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Politics & Government

Sen. Gillibrand to USDA: Reimburse Upstate New York Dairy Farmers Hurt by Shutdown

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United States Department of Agriculture
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It appears Central and Upstate New York’s already struggling dairy farmers are among those feeling the fallout from the 35-day partial government shutdown.  Senator Kirsten Gillibrand says the farmers were set to receive relief for a failed insurance program under the new farm bill. 

But everything came to a grinding halt.

"Because of the shutdown our dairy farmers haven't seen a penny of the refunds that they are owed, a process that should have begun as soon as the farm bill became law last year."

Here's what happened: Dairy farmers paid into what they thought was an insurance program that would protect them if milk prices dipped below a certain level.  The insurance would cover the difference between production and wholesale prices.  Milk prices have been depressed for several years, but Gillibrand says most New York dairy farmers didn’t qualify for reimbursement.

"We have smaller farms. We do not have the big industrial farms and our cost of production is very high. Unfortunately, the cost of production was higher than the reimbursement rate for a hundredweight of milk. So what the new plan does is fix some of those problems. And it makes it easier for more farms in New York to buy at a level that they actually will get reimbursed."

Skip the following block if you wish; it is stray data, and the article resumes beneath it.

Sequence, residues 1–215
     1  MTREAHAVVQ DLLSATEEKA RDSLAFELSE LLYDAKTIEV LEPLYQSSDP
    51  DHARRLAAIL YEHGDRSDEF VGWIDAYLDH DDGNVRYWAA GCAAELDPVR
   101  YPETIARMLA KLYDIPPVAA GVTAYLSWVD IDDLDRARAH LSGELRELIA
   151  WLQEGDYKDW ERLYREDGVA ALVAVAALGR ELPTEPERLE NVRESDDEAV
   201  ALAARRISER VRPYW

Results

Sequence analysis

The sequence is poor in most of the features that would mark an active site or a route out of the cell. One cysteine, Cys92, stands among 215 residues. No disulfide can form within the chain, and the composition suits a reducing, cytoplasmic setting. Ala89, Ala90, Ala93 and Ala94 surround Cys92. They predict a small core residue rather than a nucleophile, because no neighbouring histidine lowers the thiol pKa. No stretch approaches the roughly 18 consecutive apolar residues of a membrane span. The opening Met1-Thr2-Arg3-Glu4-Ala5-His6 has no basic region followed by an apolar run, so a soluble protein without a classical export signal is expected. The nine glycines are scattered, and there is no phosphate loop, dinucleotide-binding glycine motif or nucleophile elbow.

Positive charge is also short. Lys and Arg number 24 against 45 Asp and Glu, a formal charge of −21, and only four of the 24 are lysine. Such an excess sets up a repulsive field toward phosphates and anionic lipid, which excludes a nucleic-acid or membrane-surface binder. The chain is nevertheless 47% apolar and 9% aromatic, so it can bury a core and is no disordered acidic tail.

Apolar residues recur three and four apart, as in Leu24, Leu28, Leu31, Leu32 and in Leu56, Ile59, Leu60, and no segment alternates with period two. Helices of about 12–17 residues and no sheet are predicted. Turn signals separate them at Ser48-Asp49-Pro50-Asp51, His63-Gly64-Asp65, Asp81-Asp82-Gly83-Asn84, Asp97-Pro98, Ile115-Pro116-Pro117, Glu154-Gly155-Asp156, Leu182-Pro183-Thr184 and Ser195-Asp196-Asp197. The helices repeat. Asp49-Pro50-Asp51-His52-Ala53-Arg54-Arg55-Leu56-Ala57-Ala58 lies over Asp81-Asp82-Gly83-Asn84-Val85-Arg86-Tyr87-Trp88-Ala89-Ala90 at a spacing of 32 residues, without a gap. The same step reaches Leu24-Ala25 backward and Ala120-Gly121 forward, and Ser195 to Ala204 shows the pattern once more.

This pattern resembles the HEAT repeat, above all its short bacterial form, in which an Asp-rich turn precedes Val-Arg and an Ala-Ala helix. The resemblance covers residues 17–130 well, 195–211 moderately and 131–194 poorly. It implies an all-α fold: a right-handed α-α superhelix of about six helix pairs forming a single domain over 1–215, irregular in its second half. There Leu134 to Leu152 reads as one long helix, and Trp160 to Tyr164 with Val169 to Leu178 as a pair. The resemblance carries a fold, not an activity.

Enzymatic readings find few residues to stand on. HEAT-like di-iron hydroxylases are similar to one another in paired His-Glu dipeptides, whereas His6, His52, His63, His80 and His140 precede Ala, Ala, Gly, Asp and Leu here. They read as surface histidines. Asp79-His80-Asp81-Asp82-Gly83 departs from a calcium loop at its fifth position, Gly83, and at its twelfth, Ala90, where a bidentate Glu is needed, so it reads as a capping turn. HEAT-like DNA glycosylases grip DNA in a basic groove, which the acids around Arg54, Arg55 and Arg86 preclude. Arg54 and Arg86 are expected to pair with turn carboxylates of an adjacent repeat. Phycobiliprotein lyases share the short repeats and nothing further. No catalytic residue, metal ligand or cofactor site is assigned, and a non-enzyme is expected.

So, Gillibrand is calling on the U.S. Department of Agriculture to immediately fast-track the implementation of the farm bill to provide much needed relief.

"Our dairy farmers cannot wait another day for these funds. They need to know when the payments are coming, how they are going to receive them from the USDA and how much they're going to be getting. Because without this information, they are not going to be able to make plans for their farms. And spring planting is coming soon."

Gillibrand says soil and water conservation programs have also been delayed because of the shutdown, as well as rural broadband needed to provide telemedicine in farming communities.